Trees are not evenly distributed in Georgia’s largest cities.
The website TreeEquityScore.org allows users to zoom in and out of census tracts to visualize factors such as lack of forest cover, race, and poverty.
It shows that some predominantly black Columbus and Savannah census tracts have less than 15% tree cover in areas where the poverty rate exceeds 80%.
The correlation between lack of tree cover, race and poverty is also demonstrated in Atlanta, Augusta and Macon, and it has led the Georgia Tree Council to add “tree equity” among the objectives of its tree planting grants. trees.
The council’s Mary Lynn Beckley says eligible projects can receive up to $7,500 to plant trees to improve health and the economy.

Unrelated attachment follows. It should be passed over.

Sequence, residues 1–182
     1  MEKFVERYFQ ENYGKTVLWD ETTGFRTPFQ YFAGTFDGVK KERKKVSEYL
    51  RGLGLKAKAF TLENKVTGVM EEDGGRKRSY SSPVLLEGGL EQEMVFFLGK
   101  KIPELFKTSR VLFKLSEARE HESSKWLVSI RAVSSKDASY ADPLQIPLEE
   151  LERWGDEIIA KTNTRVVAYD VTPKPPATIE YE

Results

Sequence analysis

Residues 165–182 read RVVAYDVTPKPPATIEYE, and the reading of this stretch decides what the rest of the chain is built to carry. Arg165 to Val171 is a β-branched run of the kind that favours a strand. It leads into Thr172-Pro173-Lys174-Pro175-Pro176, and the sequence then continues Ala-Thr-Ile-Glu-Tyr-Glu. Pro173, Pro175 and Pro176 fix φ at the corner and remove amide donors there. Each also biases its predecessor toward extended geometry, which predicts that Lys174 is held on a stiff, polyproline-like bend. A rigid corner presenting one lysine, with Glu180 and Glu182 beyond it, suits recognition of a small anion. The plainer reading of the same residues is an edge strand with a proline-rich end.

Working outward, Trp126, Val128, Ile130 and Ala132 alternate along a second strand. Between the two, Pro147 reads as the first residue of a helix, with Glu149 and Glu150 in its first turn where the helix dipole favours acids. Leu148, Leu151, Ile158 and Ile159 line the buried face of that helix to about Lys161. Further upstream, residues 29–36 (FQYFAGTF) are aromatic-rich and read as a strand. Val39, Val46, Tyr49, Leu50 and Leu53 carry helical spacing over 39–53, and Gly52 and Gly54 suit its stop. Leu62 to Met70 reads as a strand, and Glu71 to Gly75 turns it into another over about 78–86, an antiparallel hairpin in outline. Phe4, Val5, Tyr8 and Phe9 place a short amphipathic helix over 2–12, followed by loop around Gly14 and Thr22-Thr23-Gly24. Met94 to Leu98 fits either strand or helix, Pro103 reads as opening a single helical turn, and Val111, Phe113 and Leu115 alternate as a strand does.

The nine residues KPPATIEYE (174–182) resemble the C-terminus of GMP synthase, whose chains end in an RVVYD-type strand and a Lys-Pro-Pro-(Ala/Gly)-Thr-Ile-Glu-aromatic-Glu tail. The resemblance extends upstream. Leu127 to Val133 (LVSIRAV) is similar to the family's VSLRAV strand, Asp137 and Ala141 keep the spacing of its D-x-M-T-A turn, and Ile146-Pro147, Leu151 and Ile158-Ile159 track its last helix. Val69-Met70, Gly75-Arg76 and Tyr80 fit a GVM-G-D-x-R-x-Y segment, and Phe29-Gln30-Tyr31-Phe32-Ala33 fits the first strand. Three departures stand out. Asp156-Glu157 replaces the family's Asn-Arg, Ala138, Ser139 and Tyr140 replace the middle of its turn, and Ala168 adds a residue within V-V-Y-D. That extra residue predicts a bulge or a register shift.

“There are so many benefits that come with healthy tree canopy,” Beckley said. “Every citizen is important and so they deserve all the benefits of healthy trees in their neighborhoods, in their schools.”
The tree planting program, called Georgia ReLeaf, was started in 2011 to help communities that lost trees after tornadoes swept through the state.
Funded by the Georgia Forestry Commission, he now wants to highlight the lack of trees in under-shaded communities.
“They need the trees there not only to provide the shade we need in the hot Georgia summers, but also to clean our water and our air,” Beckley said. “We don’t often think about these benefits until the trees are gone.”
The grant application deadline is September 16 and more information is available on this site.
This story comes to Reporter Newspapers/Atlanta Intown through a reporting partnership with BPG Newsa non-profit newsroom covering the state of Georgia.